When curiosity outweighs our expectations, we find more delight than disappointment in the day.
~ Oriah ‘Mountain Dreamer’ House
I’m venturing out at night, again. It’s part of my intention to live life beyond work and rebuilding a home. To return to what engages my wonder and awe, feeds my heart, mind, and curiosity.
Tho I feel so very lucky to be here with the privileges I have, my permissions to myself it’s okay to let go betray me. They’ve come with lying on the sofa at the end of a day for too long. I sometimes briefly nod off in the darkened rooms at events. My bobbing head waking me to what I’m missing. Travel, my other companion to such permissions, has been absent for three years.
Self forgiveness can be hard. Because I know what I missed is extraordinary. A moment that can’t be recovered. It’s sometimes a tug to turn my attention back to the present. This is a key message in my book and workshops. Proof it happens to all of us.
The latest episode was a few weeks ago when I saw an extraordinary humanitarian and photo-journalist. Iranian-French Reza Deghati who works under the name Reza. His vitae includes covers on National Geographic, Time, and Newsweek, + decades of travels around the world, often living in far flung or war torn (read, dangerous) locales for months at a time. Places that are words in the News for most of us in the US, or ghosts in the living rooms of vets come back from their experience.
Reza’s images are intimate, and bear witness to the stories of individual lives. Stories etched on the subject’s face or belongings – a girl’s favorite dolls for sale on a street corner to buy food for her grandmother who hasn’t eaten in three days; a child’s stiff, frost-covered sneakers that needed to thaw before she could go to class; dirt, expression, focus. The faces and postures revealing the details of their stories without words. We don’t need to see the buildings reduced to ash to imagine what being human is for them. Or for all the others with them, trapped in history.
Reza says his goal is to help people tell their own stories. To give them the tools to do it. He spoke of poetry. How he reads poetry every day. I wrote as he spoke, capturing nearly all his words:
Poets have reached the extreme beauty of humanity. They use the same words we all know – and then, put them together into something that touches the heart and mind. Same with the image where you can see the words of poetry. Both take you out of your daily life and put you deep inside yourself.
Wow, I thought. Exactly.
He ended with a thought I think applies to writers, as well. Or any of us, for that matter: “Where do you put your camera? Your brain, your heart, your stomach, or under you belt.”
I asked this question in a workshop. The answers from the participants surprised me. Most began somewhere else (their brain, under their belt, their gut), then traveled to their hearts. And it seemed those, like me, who feels it with my entire body, did not feel disconnected with the heart. It was as if when we’re given the invitation to notice, we all know the heart is our true compass.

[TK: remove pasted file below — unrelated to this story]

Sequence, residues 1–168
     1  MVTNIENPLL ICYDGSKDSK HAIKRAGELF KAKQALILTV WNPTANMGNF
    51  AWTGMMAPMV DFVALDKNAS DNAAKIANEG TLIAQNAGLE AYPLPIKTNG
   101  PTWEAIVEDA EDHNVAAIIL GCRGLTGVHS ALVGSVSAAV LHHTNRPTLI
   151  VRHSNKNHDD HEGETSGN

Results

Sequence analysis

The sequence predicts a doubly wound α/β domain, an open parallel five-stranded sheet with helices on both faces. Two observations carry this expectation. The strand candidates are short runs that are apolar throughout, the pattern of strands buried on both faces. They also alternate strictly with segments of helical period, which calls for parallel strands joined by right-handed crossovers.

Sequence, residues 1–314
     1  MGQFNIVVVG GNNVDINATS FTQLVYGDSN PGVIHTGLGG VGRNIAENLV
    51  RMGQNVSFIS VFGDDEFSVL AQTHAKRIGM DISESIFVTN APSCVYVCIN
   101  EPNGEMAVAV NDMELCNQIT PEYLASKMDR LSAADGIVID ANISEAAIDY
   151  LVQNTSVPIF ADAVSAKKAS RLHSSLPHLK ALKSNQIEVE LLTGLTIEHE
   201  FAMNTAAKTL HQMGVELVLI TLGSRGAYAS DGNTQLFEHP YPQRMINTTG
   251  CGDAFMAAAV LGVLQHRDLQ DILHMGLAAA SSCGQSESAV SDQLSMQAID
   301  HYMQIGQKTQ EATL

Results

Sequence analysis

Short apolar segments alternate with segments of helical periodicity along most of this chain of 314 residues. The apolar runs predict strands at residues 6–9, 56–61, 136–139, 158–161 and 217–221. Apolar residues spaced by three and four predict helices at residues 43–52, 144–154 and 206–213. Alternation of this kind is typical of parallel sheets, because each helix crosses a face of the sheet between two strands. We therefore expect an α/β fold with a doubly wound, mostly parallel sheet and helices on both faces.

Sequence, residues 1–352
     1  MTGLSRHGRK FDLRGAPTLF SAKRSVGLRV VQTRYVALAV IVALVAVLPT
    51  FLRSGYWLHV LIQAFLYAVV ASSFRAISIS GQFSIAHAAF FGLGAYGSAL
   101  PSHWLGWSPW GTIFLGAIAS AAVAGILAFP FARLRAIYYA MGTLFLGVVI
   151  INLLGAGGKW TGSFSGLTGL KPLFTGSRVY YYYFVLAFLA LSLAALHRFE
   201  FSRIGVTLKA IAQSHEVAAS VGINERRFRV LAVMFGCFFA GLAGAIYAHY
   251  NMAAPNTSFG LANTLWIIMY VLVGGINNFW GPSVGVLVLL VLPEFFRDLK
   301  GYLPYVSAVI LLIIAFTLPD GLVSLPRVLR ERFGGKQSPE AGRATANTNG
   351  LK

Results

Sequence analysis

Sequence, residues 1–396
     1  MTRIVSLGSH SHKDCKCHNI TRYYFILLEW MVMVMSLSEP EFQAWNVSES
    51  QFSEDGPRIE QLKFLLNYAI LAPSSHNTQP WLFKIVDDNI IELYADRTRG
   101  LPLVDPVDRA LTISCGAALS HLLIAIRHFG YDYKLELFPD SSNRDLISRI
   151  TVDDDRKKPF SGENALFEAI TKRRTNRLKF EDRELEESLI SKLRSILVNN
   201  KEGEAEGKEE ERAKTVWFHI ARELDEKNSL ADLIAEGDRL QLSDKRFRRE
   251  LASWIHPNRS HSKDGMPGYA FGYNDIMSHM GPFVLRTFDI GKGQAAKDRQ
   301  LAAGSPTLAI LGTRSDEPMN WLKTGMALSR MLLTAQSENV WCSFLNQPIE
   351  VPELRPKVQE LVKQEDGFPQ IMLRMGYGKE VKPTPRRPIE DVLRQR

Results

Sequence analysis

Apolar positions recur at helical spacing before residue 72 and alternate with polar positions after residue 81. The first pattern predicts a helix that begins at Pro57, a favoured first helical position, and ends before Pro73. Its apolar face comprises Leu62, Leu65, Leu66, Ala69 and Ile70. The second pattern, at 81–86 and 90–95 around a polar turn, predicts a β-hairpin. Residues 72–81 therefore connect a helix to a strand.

I often say writers and artists are powerful. For Reza, a young man documenting the political struggles in Iran in the 70s, he realized photographs were perceived as actual weapons by the Iranian government. He was arrested, spent three years in prison for his photos. He was tortured there, then forced into exile when released. Forced from his native ground.
In a section of Reza War and Peace titled “Thoughts of an Exile,” he writes:
“Within you remains the memory of your lost country, and you may feel disappointment in the land where you are now living, the country you thought would be your promised land and beyond it your way of being free. There remains, too, a feeling of mourning for your native land.
This grief is always with you below the surface, but the longing for your homeland is called up even more acutely by a tangible reminder of your country — a familiar smell, a food that tastes like a dish back home, a countryside that evokes scenes from your childhood. You feel it as well when you hear someone speak your language and you hear once again the melody of your native tongue. For the exile, the joys of the present are full of memories of the past.
I can’t help thinking about Reza as we head into Thanksgiving and the holiday season, a time where connection with family is emphasized. Or thinking about how intimate his images are. How they so often reflect longing for Home. How this season brings Home up for so many of us. How so many feel like exiles in one way or another.
I also can’t help thinking how longing for Home is at the heart of my novels. And how over the past nearly 3 years of my blog, I’ve written Home is up for me 4-5 times. Just this year, during the extreme physical hardship I went thru to get back my soul home, Santa Fe.
The stories we see outside us are nearly always reflections of something that resides inside us. Not word for word, thought for thought, detail for detail, but connection. I believe this reflection always happens when you chronicle the human heart. I work with writers. See it again and again.
In this moment, I see my work with writers as connection in a way I hadn’t thought about before, too. As I hold space for them, ask the questions leading to discovery of what matters for them, offer help so they find the way to say it. . .it’s like Reza who gives cameras to people so they can tell their own stories. It’s my genius, delivering metaphorical cameras. My charge from the Universe. No wonder I love what I do and feel it all magical. Big Heart moments. We’re made of stories, and connection.
Another small journey. Getting to Wise.
A Writer’s Life.
Tell me. . .Where do you put your camera?
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